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News » UK » One in five safety fails relates to working at height » published 22 May 2017

One in five safety fails relates to working at height

Working at height remains the biggest danger for construction workers, according to the Building Safety Group (BSG).

The Building Safety Group made more than 20,000 site inspections during 2016 and height safety failure was by far the most commonly identified breach.

A total of 24,634 non-compliances were logged by safety advisors throughout 2016. Working at height accounted for 19% of all breaches recorded. The second highest significant non-compliance was dust/fumes, which accounted for 5%.

BSG’s figures echo statistics published by the Health & Safety Executive (HSE). Despite an overall drop in fatalities, falling from height still remains the single biggest cause of fatalities on construction sites and in the workplace. Over the last five years they have killed 97 construction workers, accounting for 45% of all fatal injuries on site. They are also the largest single cause of non-fatal accident related injury, responsible for 33% all non-fatal injuries, including 11% of the injuries resulting in an absence of more than seven days.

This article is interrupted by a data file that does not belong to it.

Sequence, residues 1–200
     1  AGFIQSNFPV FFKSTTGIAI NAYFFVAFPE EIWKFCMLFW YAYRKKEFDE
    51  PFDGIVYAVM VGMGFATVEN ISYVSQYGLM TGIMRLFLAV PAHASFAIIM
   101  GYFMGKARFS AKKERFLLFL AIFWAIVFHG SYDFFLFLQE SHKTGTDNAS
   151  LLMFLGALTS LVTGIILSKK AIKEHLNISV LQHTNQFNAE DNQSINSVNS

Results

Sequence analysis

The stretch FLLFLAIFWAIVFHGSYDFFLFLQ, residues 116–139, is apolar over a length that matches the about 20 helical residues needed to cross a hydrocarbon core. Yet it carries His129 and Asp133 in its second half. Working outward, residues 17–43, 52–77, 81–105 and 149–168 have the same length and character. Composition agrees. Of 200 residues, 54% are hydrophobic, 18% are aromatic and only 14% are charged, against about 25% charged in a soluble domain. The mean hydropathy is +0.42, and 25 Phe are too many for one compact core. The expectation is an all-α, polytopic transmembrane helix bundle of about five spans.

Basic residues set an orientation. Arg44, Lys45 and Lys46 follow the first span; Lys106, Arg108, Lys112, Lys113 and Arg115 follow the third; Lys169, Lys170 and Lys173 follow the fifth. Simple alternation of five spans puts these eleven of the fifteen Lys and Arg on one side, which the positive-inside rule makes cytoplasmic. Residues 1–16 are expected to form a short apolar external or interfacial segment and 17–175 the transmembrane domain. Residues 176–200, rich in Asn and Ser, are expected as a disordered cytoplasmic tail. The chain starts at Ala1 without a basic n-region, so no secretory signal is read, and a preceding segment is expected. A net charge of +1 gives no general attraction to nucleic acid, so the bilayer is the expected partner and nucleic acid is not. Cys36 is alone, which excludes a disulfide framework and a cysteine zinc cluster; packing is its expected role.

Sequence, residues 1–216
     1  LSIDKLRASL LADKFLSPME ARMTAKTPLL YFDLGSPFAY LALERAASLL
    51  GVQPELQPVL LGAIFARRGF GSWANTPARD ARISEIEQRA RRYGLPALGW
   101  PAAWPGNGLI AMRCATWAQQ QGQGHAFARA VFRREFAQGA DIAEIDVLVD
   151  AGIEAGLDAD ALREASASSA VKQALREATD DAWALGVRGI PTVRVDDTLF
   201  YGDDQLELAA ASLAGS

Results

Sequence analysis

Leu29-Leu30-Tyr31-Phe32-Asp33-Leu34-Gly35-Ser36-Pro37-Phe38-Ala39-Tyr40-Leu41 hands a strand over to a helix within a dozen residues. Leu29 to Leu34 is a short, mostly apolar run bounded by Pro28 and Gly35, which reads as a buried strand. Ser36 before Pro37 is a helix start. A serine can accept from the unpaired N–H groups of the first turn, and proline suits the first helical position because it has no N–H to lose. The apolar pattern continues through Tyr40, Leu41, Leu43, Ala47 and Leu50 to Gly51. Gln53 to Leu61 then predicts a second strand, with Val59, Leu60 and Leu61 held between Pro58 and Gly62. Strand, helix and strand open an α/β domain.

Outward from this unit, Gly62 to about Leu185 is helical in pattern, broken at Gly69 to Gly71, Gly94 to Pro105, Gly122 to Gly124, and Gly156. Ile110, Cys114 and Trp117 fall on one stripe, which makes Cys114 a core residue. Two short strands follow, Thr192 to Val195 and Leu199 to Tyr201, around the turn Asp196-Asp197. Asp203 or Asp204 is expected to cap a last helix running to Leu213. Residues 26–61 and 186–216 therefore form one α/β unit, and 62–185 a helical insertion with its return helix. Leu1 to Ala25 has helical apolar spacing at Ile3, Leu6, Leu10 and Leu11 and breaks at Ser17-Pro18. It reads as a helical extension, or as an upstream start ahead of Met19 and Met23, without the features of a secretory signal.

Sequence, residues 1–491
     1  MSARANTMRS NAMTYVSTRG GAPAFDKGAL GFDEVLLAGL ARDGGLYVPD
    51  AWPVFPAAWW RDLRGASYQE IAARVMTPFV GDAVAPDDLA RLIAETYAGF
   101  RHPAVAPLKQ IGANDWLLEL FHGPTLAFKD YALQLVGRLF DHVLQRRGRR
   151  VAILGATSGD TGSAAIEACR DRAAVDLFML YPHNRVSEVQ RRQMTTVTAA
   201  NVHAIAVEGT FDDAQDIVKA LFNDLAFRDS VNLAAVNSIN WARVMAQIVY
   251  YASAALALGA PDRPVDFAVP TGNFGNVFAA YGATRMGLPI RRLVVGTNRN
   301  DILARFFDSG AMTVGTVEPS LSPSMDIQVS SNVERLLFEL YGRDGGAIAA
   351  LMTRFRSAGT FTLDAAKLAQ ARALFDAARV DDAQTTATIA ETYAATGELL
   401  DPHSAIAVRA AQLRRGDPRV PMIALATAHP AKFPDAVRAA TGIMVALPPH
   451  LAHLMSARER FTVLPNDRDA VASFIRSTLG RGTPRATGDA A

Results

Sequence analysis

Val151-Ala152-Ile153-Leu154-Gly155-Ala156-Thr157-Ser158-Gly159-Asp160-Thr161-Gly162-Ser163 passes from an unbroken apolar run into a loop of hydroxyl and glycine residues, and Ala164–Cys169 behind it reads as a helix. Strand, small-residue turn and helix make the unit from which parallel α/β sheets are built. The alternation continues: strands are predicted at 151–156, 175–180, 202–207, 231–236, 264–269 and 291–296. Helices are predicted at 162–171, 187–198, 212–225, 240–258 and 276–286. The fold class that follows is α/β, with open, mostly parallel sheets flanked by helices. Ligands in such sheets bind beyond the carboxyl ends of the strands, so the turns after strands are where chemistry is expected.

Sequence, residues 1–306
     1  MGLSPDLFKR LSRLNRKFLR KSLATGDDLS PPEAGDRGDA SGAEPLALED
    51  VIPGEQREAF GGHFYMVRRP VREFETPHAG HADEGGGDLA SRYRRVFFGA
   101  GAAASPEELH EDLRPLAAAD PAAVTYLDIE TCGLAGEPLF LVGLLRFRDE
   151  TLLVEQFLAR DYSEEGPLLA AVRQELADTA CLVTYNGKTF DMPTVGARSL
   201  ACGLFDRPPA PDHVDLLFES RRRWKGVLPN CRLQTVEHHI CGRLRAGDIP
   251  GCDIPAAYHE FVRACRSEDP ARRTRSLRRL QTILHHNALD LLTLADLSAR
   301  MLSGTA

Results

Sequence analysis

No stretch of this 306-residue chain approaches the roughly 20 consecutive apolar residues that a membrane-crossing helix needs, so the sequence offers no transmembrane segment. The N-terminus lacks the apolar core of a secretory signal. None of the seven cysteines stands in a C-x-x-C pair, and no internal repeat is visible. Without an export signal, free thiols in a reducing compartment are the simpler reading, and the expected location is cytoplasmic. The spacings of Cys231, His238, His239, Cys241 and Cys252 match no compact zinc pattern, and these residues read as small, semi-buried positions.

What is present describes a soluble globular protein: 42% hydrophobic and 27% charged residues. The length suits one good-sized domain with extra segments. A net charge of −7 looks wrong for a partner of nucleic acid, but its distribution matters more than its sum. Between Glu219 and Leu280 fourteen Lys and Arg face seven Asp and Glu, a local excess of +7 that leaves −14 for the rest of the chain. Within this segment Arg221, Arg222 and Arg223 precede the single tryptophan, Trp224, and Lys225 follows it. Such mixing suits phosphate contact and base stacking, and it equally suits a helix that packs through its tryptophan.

The three main sources of falls from height injuries and fatalities are fragile roof lights, scaffolding and ladders.

Most accidents can be easily prevented according the Building Safety Group’s technical manager, Chris Chapman:  “Working at height is clearly the most dangerous activity carried out in the construction sector. Everyone can do more to ensure that work is properly planned, supervised and conducted by qualified workers who have the required skills for the task in hand.”

He added: “To significantly reduce the dangers of working at height, construction companies should always try to complete as much work as possible from the ground, ensure safe access and egress and importantly, make certain that any equipment used is suitable, stable and strong enough for the job.”

 

MPU

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This article was published on 22 May 2017 (last updated on 22 May 2017).

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